You might want to shift your allocations to take advantage of macro realities. You might want to increase exposure to floating rate investments like BDCs, CLO funds, and commercial mortgage REITs. These companies directly benefit from higher interest rates because they invest in floating rate assets. However, they are also exposed to “credit risk,” meaning that they rely on borrowers to be able to pay back loans.
Our opinion at HDO is that corporate borrowers are generally in healthy shape to be able to pay back existing loans. We don’t see a lot of borrowers that are overly stretched because most companies spent the pandemic shoring up their balance sheets and increasing their liquidity. We believe that defaults will be relatively low even if there is a recession. This is an argument I’ve been laying out in my Market Outlooks, and I encourage you to arrive at your own conclusion. I’m right a lot, but I’m not right 100% of the time. Nobody is.
To offset the risk of a recession, you likely want to increase your exposure to fixed-rate investments. Preferred shares, baby bonds, and traditional bonds can all provide your portfolio with stable income through a recession. I also like having exposure to utilities and agency mREITs like NLY or AGNC, which have historically been countercyclical, rising during recessions.
As income investors, our primary concern is not the price of a stock on a given day. We are not sellers, we are always net buyers of stocks. So we want to constantly question whether changing conditions will put our dividends at risk. The good news is that the pressures of this selloff are valuation driven, not driven by the fundamentals. Fundamentally, the companies we are invested in likely have higher earnings this quarter than last quarter. Earnings are climbing, it’s the market’s valuation of those earnings that is declining.
What Should You Buy?
One of the most frequent questions I get asked is “what should I buy?” It might be tempting to rush in and buy the highest-yielding picks. Periods like this, it can become easy for investors to become overweight on a handful of picks.
Do not lose sight of the overall strategy and goals.
Our strategy is:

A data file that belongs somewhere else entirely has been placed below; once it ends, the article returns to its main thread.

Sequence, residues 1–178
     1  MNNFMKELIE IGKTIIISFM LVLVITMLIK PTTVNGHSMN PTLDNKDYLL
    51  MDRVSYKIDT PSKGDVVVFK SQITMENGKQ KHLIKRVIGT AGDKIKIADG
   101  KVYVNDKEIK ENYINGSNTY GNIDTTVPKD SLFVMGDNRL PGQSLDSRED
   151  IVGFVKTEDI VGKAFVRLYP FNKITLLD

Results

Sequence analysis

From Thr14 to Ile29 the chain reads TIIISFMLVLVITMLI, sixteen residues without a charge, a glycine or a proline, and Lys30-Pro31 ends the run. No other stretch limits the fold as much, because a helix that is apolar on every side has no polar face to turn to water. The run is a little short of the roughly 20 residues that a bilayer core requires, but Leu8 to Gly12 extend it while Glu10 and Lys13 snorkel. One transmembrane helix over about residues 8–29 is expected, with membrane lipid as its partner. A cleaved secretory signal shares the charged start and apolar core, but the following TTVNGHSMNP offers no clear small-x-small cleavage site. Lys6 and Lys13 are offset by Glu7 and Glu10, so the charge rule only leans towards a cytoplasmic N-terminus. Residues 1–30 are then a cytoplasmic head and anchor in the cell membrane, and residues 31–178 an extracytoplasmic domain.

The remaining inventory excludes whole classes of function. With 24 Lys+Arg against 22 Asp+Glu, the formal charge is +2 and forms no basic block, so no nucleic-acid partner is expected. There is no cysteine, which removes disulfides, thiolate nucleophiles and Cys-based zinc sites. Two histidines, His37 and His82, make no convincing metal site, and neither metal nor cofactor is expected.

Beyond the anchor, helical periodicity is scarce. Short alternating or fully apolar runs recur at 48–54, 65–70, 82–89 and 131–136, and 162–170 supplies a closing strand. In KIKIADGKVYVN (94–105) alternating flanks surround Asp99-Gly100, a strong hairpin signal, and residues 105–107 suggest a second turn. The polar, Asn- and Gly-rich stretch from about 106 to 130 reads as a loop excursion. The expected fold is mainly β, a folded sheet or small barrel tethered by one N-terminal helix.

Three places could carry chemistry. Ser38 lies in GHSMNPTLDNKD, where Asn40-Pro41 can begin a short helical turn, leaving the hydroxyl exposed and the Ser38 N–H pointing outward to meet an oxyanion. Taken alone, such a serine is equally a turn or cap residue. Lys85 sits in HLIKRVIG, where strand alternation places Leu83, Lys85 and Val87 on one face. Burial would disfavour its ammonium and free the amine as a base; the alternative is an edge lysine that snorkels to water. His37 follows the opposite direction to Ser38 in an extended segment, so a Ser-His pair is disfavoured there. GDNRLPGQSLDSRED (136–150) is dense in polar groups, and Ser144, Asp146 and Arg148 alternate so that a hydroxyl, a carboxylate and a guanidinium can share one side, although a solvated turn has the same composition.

- Invest 40%+- in fixed-income like fixed-income CEFs, preferred equity, and bonds. This number can be higher or lower depending on how conservative you wish to be.
- Focus on investments with sustainable yields over 6%. With our Model Portfolio yielding north of 10%, this goal is easily achieved.
- Maintain sector diversification.
- Diversify individual holdings with no more than 2-5% in any one pick.
- Make exchanges when they increase our income and maintain the above requirements.
When prices were high, options for achieving our yield targets were limited. When prices are low, they are plentiful.
Now, with everything going down, many of those picks that you might have wanted to invest in but passed up due to a high price are more attractive. While it might be tempting just to buy the highest yield, that would be a reactive mistake. A bear market is an ideal time to rebalance our portfolio and ensure that we are within our targeted allocation levels. It is an ideal time to diversify and pick up shares in companies that were previously too expensive.
So what should you buy? That really depends on where you are and where you want to go – focus on your long-term goal. If you are following the HDO Model Portfolio, focus on the picks you don’t hold or those that you are underweight in. Now is the time to add the areas that your portfolio is lacking.
Take Your Time
Investing isn’t a race. Many of you started in your 30s or 40s, which means your investing career could be 30-50 years or even longer. In the grand scheme, these market crashes make up a relatively short period of your investing experience. You will have many more bullish years than bearish ones.
Investors are often tempted to “back up the truck.” The problem is, you don’t know where the bottom will be. It could be now, it could be next month, or we might not see the bottom for another 6 months.
Keep in mind, while the past two weeks have been rough on Value stocks like we hold in the HDO Model Portfolio, year-to-date they are still holding up much better than the rest of the market.